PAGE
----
Radiotracer Production

Cyclotron-Produced Radiotracers

The synthesis of most PET radiotracers requires a machine called a cyclotron. This is a circular particle accelerator that is used to bombard chemical targets with charged particles to form new isotopes.

Interior of a cyclotron

The cyclotron opened to show the path taken by the accelerated charged particles. Different targets are stored in the chambers at the upper left. Photo credit: John Clark

By using different target materials, four of the most commonly produced radioisotopes for PET imaging are shown in the table below:

Radioisotope Target Half-life
18F 18O 110 minutes
11C 14N 20 minutes
13N 16O 10 minutes
15O 15N 2 minutes

The newly formed radioisotope is automatically transferred to a hot cell. Hot cells are shielded chambers where a series of automated chemical reactions incorporate the radioisotope into a useful chemical compound. Shielding is required throughout the process due to the high amounts of radioactivity involved.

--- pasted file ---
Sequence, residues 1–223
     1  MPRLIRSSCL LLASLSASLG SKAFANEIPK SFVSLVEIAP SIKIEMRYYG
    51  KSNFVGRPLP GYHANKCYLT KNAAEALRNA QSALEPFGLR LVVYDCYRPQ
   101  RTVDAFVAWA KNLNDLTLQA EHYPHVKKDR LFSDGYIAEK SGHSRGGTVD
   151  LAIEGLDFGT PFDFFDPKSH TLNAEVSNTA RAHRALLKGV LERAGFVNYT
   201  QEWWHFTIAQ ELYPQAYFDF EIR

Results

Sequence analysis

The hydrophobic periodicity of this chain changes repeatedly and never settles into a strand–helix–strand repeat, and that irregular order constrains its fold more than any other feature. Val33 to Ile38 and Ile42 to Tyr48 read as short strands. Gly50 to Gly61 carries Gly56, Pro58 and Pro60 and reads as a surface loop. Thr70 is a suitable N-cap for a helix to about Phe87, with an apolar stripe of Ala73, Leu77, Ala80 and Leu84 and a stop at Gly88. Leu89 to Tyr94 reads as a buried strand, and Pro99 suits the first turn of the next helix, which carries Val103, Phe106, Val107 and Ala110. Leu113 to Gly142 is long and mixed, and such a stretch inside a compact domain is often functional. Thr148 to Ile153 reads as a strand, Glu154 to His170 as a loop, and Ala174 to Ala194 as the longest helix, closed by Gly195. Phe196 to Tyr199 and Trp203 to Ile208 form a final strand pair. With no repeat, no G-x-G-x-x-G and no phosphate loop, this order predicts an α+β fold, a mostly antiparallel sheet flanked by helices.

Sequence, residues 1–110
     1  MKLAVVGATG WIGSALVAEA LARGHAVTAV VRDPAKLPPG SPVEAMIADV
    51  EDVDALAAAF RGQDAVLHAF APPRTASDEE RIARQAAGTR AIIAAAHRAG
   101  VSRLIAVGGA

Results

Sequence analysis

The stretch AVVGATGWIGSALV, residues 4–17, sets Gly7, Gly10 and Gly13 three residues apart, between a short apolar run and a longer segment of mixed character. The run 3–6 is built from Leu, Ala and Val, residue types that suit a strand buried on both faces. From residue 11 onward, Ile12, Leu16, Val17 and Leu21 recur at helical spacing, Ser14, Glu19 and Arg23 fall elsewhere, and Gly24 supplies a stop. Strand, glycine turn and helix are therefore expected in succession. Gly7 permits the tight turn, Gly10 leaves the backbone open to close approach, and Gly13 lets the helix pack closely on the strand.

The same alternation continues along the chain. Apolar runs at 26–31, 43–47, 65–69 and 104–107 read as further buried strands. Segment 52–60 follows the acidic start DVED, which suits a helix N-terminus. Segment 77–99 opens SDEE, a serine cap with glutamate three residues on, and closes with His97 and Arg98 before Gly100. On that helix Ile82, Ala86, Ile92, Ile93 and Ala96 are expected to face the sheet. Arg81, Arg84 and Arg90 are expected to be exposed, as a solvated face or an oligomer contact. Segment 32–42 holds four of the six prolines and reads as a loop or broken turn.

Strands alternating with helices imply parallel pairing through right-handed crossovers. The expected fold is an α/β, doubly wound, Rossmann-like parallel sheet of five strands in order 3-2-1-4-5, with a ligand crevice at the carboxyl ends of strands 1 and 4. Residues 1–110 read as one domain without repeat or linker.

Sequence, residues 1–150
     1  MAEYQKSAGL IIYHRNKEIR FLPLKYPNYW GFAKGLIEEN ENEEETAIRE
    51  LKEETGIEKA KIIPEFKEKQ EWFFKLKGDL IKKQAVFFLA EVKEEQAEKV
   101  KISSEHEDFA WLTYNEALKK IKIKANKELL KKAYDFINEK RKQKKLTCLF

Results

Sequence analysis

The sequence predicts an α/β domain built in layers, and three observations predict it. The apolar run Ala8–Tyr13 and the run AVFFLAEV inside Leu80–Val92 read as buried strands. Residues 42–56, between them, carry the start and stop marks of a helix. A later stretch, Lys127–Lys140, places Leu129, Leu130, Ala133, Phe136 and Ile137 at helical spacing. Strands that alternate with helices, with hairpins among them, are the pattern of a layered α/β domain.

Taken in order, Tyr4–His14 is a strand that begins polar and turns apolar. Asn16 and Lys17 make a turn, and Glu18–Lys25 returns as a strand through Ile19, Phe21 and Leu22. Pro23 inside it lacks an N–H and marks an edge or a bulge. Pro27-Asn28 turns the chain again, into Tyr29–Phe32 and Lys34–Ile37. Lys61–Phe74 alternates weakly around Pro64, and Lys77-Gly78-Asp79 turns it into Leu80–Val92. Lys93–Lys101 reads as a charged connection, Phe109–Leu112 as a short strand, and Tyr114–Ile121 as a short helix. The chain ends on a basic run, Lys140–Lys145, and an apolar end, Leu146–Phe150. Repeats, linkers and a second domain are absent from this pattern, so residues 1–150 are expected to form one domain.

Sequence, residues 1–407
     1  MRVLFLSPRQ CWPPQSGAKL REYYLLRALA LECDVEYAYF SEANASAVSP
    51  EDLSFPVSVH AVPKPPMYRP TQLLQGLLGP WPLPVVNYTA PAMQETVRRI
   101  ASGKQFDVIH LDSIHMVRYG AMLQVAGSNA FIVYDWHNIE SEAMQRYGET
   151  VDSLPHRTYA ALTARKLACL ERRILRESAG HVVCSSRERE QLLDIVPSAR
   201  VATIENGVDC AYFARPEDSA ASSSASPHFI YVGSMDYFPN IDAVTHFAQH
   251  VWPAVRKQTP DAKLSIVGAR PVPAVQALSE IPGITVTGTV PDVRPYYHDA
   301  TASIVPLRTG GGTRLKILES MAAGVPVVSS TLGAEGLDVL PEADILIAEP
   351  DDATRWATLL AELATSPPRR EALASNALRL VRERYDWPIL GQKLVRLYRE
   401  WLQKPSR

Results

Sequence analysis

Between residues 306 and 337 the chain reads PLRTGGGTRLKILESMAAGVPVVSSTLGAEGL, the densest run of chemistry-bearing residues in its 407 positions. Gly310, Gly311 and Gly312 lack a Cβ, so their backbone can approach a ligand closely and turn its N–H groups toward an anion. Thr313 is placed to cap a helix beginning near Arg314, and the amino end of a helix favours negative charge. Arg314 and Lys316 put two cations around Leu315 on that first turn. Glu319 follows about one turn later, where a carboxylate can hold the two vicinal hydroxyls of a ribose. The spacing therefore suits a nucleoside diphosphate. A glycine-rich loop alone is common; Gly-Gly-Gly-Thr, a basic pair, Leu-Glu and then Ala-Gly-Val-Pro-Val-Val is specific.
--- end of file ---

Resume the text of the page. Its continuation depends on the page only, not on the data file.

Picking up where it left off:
Hot cells

Hot cells used for radiotracer production

Synthesis unit

Automated synthesis unit for producing FDG

After the radiopharmaceutical has been synthesized in the hot cell, it undergoes quality checks to ensure it is safe for injection into a patient.

18F-based radiopharmaceuticals have a long enough half-life that a large quantity can be synthesized in the morning for use throughout the day. Shorter-lived isotopes (such as 15O) have to be synthesized just before they are delivered for injection.

The radiopharmaceuticals formed in this process will all have different biological pathways in the body (known as pharmacokinetics), each giving different physiological information about the patient.